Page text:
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Equations with other Data in them; the which I shall here omit pursuing, and leave them for the Learner's Practice.
Se&t. 2. Of Duantities in Geometrical Proportion.,
GEOMETRICAL Propartion continued has been already U defined in Sect. 2. Chap. 6. Part 1. And what is there faid concerning Numbers in :: may easily be applied to any Sort of Homogeneal Quantities that are in .
The moft natural and simple Series of Geometrical Proportionals, is when it begins with Unity or 1.
That is, when all the middle Terms betwixt the two Extreams are both Consequents and Antecedents, that Series is in Geome. trical Proportion continued. Therefore in every Series of Quantities in - all the Terms except the last are Antecedents; and all the Terms except the firft are Consequents. But universally putting a the first Term in the Series, and the Ratio, viz. the common Multiplier, or Divisor; then it will be
Q.ac.all.alle.acere. abs.a66. &c. in : Dra. For 2:20::20:444 = 216, &c. Anda : I. In any of these Series it is evident, that if three Quantities are in ;, 'the Rectangle of the two Extrems will be equal to the Square of the Mean; as in these, aiae. ann, here a xarx Hexal, ADIR. &c.
III. If never fo many Quantities are in :; it will be, as any one of the Antecedents is to it's Consequents; fo is the Sum of all the Antecedents, to the Sum of all the Consequents.
ra.ne.aceiaeee..aceio.al?, &c. increasing. Asin thefc. a. 8:9c:a factace tre' tae*:cetare tali tast tee
Orar::a+ + + + + + + ++), viz. axaltantae taet tei=4. xataetaeitap Fact
That is, the Rectangle of the Extreams is equal to the Rectangle of the Means; per Second of this Seet.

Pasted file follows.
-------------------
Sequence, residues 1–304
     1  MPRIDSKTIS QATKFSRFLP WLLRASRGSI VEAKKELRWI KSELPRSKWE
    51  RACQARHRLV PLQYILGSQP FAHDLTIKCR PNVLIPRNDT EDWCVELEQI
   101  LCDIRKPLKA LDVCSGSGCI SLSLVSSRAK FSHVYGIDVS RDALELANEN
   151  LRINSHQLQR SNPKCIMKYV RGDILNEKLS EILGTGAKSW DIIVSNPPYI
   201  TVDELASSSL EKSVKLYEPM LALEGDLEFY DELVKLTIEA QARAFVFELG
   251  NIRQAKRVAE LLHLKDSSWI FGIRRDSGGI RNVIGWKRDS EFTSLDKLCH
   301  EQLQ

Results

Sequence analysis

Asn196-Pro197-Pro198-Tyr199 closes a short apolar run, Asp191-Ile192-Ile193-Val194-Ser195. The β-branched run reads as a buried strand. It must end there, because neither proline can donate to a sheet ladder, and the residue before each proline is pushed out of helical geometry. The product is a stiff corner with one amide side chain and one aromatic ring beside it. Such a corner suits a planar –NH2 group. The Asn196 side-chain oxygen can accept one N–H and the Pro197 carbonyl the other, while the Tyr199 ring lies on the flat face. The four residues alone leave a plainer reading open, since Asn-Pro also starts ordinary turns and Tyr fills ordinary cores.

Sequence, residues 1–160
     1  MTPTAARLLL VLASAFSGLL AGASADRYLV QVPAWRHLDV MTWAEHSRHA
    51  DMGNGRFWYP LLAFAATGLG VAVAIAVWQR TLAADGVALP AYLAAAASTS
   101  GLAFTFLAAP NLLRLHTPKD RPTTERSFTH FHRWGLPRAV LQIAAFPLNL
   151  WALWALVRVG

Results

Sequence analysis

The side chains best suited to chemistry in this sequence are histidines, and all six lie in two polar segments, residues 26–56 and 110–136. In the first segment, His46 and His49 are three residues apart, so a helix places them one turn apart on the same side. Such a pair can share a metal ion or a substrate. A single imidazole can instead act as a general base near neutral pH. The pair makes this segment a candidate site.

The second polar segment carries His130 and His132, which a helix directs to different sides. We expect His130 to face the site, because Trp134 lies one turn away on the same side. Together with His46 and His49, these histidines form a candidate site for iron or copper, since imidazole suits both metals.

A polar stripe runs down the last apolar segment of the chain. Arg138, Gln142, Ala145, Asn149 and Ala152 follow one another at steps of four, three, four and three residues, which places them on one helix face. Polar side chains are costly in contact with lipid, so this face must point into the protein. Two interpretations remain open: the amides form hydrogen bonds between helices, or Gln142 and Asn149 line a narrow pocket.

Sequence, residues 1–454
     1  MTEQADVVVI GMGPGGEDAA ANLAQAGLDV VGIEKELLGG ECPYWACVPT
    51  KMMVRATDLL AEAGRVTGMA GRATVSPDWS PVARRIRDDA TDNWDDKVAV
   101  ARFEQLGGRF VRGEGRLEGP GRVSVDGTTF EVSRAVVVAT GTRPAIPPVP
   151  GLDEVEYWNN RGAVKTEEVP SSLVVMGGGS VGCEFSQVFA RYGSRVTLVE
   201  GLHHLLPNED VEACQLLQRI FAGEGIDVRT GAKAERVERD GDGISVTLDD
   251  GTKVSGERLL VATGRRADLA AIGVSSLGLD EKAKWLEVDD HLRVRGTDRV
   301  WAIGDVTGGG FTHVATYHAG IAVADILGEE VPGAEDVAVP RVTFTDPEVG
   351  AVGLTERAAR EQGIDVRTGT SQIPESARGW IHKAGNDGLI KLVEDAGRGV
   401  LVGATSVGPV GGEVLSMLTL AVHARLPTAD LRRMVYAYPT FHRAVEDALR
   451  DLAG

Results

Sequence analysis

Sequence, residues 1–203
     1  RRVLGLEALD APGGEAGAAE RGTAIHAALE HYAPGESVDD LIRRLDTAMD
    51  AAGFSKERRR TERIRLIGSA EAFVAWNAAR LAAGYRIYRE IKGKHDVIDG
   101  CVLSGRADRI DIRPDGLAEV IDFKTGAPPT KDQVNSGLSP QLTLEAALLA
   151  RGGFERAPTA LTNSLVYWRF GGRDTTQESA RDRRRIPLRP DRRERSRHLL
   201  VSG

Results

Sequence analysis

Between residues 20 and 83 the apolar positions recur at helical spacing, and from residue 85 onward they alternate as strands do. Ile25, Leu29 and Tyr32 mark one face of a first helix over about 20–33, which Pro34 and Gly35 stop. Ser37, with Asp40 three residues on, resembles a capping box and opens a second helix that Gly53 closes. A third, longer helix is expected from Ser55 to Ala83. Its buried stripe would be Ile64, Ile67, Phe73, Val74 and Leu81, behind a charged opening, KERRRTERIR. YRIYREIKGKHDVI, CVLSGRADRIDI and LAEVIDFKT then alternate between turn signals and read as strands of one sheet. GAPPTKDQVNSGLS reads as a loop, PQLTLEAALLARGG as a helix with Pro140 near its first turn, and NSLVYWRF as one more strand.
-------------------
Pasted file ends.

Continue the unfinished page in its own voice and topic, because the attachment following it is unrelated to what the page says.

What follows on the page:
Note, The Ratio of any Series in ;: increasing, is found by die viding any of the Consequents by it's Antecedent.
Thus, a) a ele . Or a é) are (e, &c.'
But if the Series be decreasing, then the Ratio is found by die viding any of the Antecedents by it's Consequent.
Thus, ) ( 0) (s de
Note, The ::: set in the Margin at the second Step, is instead. of ergo; and imports that the Rectangle of the two Extrcams in the firtt Step, is equal to the Rectangle of the Means. And so for any other Proportion.
Sect. 3: Of barmonical Proportion. HARMONICAL or Musical Proportion is, when of three
Quantities (or rather Numbers) the first hath the same Ratio to third, as the Difference between the first and second, hath to the Difference between the second and third. As in these fol.
Ç H A P. VII. Of Proportior Disjund, and bow to turn Equations into
Analogies, &c. PROPORTION Disjundt, or the Rule of Three in 4 Numbers, is already explained in Chap. 7. Part 1. And what hath been there said, is applicable to all Homogeneous Quantities, viz. of Lines to Lines, &c.